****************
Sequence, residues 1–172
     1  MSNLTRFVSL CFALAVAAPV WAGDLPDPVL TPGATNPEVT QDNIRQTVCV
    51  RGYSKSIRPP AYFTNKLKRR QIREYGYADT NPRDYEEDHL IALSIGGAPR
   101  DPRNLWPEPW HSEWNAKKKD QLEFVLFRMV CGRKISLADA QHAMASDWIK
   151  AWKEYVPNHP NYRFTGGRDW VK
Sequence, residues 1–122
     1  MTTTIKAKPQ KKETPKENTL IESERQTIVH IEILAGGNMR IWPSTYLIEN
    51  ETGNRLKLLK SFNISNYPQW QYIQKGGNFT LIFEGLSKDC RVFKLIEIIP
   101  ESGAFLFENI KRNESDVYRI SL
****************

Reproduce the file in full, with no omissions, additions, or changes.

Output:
Sequence, residues 1–172
     1  MSNLTRFVSL CFALAVAAPV WAGDLPDPVL TPGATNPEVT QDNIRQTVCV
    51  RGYSKSIRPP AYFTNKLKRR QIREYGYADT NPRDYEEDHL IALSIGGAPR
   101  DPRNLWPEPW HSEWNAKKKD QLEFVLFRMV CGRKISLADA QHAMASDWIK
   151  AWKEYVPNHP NYRFTGGRDW VK
Sequence, residues 1–122
     1  MTTTIKAKPQ KKETPKENTL IESERQTIVH IEILAGGNMR IWPSTYLIEN
    51  ETGNRLKLLK SFNISNYPQW QYIQKGGNFT LIFEGLSKDC RVFKLIEIIP
   101  ESGAFLFENI KRNESDVYRI SL